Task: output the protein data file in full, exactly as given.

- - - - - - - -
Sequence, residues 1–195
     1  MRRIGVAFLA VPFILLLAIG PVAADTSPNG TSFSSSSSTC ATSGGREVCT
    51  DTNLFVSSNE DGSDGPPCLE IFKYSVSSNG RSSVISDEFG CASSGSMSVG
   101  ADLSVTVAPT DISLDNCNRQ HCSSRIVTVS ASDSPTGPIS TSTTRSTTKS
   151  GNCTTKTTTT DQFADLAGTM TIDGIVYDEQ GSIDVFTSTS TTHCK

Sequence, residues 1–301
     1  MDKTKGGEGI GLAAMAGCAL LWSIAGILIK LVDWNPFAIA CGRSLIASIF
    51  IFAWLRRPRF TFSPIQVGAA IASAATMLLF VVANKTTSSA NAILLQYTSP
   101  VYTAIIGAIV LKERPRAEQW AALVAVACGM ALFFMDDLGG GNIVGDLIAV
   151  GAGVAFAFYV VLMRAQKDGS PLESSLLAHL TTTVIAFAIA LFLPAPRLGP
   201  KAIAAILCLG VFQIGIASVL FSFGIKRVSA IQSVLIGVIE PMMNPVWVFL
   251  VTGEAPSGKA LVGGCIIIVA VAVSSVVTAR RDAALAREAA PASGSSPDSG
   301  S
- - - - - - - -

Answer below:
Sequence, residues 1–195
     1  MRRIGVAFLA VPFILLLAIG PVAADTSPNG TSFSSSSSTC ATSGGREVCT
    51  DTNLFVSSNE DGSDGPPCLE IFKYSVSSNG RSSVISDEFG CASSGSMSVG
   101  ADLSVTVAPT DISLDNCNRQ HCSSRIVTVS ASDSPTGPIS TSTTRSTTKS
   151  GNCTTKTTTT DQFADLAGTM TIDGIVYDEQ GSIDVFTSTS TTHCK

Sequence, residues 1–301
     1  MDKTKGGEGI GLAAMAGCAL LWSIAGILIK LVDWNPFAIA CGRSLIASIF
    51  IFAWLRRPRF TFSPIQVGAA IASAATMLLF VVANKTTSSA NAILLQYTSP
   101  VYTAIIGAIV LKERPRAEQW AALVAVACGM ALFFMDDLGG GNIVGDLIAV
   151  GAGVAFAFYV VLMRAQKDGS PLESSLLAHL TTTVIAFAIA LFLPAPRLGP
   201  KAIAAILCLG VFQIGIASVL FSFGIKRVSA IQSVLIGVIE PMMNPVWVFL
   251  VTGEAPSGKA LVGGCIIIVA VAVSSVVTAR RDAALAREAA PASGSSPDSG
   301  S